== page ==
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Government and Politics

Akron wants to donate energy plant to Akron Children's Hospital
The 34-year-old plant needs capital investment that the mayor says city cannot afford.

Mark Urycki
Akron Mayor Plusquellic says the city doesn't have the money to invest in updating the Recycle Energy System plant.
Courtesy of MARK URYCKI
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In The Region:
The City of Akron may give away its Recycle Energy Systems plant. The 34-year old-facility produces steam to heat or cool buildings downtown, but it now needs anywhere from $6 million to $47 million to modermize.
LISTEN: The future of Akron steam plant

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The plant was built to turn garbage into energy, a pretty progressive idea, thought a then-23-year-old councilman named Don Plusquellic

Looking back, the now-Mayor Plusquellic says, “It has been both good and bad for the city in terms of what we thought: both state-of-the-art, cutting edge.” 

The first big problem occurred in 1984, when an explosion killed three workers. Ten years later, the U.S. EPA told the city that burning garbage was sending mercury and dioxins into the air. So Akron stopped burning trash there in 1995.

Today's operator, Akron Energy Systems, says it now burns a mix of wood waste, tire-derived fuel (TDF), low-sulfur coal, and natural gas. 

Why the hospital?
But it needs to be updated, and to do that, Plusquellic wants to donate the plant to Akron Children’s Hospital, one of its biggest customers. Hospital President Bill Considine says he will, in turn, look to sell it to a private owner-operator.

“We’ll work with the city, we’ll work with the operators there; we’ll work with the other users to come up with a transfer plan during this period of time. You know, our area of expertise is not to be an owner or operator of a steam plant.” 

Plusquellic suggests that the hospital could form a separate entity that retains ownership under a long-term lease or  could sell the plant outright. If it cannot find a suitable operator, the hospital can refuse the donation.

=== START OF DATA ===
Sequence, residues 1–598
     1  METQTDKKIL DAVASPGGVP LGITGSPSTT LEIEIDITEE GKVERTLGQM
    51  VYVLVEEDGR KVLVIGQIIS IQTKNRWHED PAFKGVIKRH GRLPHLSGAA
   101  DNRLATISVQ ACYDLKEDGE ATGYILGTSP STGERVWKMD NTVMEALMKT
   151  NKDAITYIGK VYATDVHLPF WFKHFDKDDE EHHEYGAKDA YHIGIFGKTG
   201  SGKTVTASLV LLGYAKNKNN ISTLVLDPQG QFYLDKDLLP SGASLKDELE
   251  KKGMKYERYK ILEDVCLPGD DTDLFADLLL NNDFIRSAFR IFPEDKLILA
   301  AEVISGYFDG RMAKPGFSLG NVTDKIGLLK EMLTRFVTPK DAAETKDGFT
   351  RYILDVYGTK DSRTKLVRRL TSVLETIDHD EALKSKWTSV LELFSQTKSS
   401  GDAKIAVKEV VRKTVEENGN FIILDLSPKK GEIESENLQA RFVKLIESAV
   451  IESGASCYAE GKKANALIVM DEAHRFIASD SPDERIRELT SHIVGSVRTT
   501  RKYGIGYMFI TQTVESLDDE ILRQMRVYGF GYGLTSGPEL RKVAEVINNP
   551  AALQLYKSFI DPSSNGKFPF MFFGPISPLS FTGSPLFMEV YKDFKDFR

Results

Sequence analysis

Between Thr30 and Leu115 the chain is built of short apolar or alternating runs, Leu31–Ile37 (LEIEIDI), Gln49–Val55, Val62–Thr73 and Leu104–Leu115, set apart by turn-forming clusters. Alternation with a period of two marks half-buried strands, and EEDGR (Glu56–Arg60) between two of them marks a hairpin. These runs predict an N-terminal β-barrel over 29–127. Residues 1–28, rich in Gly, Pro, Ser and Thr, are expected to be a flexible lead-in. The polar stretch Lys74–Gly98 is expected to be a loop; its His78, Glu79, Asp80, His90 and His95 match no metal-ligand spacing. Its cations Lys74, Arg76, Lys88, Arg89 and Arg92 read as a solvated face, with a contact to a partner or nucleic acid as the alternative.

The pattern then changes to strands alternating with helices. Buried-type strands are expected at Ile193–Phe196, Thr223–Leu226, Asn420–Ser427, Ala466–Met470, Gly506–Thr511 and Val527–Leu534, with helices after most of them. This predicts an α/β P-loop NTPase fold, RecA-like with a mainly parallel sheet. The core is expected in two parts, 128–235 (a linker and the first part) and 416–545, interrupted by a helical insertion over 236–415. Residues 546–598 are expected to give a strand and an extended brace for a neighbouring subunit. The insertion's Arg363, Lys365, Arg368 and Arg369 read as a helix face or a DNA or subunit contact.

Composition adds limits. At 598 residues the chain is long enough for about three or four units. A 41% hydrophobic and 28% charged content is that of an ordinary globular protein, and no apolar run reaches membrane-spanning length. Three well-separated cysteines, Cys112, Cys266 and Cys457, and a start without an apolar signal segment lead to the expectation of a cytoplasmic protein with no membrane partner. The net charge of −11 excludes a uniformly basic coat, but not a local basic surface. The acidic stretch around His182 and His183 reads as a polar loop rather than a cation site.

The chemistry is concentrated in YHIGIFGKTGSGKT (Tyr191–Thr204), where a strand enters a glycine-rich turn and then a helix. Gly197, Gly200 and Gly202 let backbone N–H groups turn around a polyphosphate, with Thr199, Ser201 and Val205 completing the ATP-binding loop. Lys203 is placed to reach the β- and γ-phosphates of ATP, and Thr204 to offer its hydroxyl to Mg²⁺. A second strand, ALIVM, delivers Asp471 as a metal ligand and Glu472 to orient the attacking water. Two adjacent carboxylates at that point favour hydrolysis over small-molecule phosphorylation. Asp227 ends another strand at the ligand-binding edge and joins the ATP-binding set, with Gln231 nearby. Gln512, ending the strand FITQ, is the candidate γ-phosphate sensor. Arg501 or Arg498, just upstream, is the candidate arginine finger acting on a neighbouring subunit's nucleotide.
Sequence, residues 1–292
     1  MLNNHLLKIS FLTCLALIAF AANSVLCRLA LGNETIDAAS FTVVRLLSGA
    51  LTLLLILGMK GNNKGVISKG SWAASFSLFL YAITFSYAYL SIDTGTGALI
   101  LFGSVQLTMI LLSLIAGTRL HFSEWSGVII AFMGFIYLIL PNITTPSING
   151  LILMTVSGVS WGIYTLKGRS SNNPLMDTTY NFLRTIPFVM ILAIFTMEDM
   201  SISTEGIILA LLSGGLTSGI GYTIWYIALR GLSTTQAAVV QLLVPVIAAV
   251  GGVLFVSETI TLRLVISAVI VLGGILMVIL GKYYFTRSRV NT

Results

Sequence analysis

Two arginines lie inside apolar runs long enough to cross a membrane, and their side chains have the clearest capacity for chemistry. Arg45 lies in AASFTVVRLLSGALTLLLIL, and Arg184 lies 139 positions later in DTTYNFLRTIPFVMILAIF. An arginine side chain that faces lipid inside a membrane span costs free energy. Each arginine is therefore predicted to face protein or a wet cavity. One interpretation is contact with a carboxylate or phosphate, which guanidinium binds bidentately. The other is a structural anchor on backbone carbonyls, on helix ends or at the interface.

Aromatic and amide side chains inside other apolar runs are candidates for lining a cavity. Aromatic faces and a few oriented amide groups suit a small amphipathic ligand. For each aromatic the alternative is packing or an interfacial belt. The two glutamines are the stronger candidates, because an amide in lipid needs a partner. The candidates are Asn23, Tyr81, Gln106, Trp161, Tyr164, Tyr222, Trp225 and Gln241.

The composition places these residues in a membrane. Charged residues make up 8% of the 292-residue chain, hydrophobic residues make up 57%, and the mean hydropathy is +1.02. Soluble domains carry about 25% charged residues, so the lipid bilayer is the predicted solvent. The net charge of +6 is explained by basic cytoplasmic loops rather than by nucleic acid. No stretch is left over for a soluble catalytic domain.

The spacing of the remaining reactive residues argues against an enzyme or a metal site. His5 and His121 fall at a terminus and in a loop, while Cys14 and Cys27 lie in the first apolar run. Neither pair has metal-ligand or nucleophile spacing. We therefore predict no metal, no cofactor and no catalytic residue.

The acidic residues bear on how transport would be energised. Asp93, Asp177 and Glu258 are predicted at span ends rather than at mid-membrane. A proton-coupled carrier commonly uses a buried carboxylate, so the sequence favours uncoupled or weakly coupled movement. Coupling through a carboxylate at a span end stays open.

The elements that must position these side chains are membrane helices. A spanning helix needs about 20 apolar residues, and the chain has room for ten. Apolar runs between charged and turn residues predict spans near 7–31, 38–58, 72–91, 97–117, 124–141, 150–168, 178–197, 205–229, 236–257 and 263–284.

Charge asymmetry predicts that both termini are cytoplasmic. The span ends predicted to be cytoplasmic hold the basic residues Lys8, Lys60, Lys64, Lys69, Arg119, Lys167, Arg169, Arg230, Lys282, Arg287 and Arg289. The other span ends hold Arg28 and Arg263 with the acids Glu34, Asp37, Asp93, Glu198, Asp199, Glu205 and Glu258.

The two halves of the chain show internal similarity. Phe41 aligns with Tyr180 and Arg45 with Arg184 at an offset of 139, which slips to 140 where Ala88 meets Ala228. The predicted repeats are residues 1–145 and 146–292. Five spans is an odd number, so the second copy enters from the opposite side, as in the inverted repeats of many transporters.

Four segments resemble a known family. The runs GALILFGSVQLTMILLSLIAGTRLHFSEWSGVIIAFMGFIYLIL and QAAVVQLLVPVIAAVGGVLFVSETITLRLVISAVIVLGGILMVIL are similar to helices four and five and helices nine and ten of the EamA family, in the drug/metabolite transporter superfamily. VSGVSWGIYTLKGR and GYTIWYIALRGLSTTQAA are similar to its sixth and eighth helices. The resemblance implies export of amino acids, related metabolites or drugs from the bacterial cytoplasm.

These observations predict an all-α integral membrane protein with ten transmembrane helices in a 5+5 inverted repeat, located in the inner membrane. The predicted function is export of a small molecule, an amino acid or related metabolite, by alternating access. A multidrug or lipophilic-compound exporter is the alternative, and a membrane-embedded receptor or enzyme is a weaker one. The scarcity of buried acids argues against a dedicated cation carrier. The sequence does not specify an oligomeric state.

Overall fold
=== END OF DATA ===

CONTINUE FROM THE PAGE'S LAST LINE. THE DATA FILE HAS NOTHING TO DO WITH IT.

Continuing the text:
Voters have a say
The transfer is a legal maneuver that voters will have to approve in November. And the mayor thinks that will go over better with voters than having the city sell it to a private company. 

“If Bill Considine and the staff and the board of Akron Children’s Hospital is in favor of something, they’ll probably figure it’s good for the community.”

Plusquellic says the transfer is also a commitment to any potential buyer that major customers like Children’s Hospital will stay on board. Tim Stover, the CEP of another big customer, Akron General Medical Center, also is expressing support for the project."

History of the Akron Recycle Energy Systems plant:
  • Ohio Edison begins serving 12 downtown buildings with steam generated at its Beech Street plant in 1927.
  • By 1947, Edison has added an electric substation at Beech Street and four more boilers. This same year, Edison invests $475,000 to increase capacity by almost a third.
  • By 1953, the Downtown steam plant has 531 customers. A decade later, 375 buildings are being served.
  • The City of Akron builds a Recycle Energy System in the 1970’s to burn trash and garbage from Summit County customers to produce steam. In 1978, Ohio Edison gives the City its Beech Street Steam Plant.
  • After 1979, the City employs operators to manage the RES plant.
  • December 1984, three workers die in one of several explosions at the plant caused by loads of chemical saturated sawdust trucked from New Jersey.
  • In addition to steam, the city develops a chilled water system for summer cooling of downtown buildings.
  • By 1994, the city of Akron has invested $100 million in cutting-edge technology to make the RES plant work. Without the cooperation of trash customers in the county, insufficient fuel is being generated to allow the plant to operate efficiently.
  • In October 1994, after the EPA identifies the plant as a source of dioxin in the air, Mayor Plusquellic shutters the recycle operation, rather than invest an additional $30 million to eliminate the dioxins.
  • In 1995, the City of Akron enters into a lease with Akron Thermal, a limited partnership, to supply steam and hot and chilled water to downtown buildings.
  • The RES plant is now operated by Akron Energy Systems, which has expressed interest in purchasing it.

SOURCE: City of Akron 

Listener Comments:

Are there any new developments on the steam plant and the hospital issue.

Posted by: dave (akron) on January 20, 2014 5:01AM
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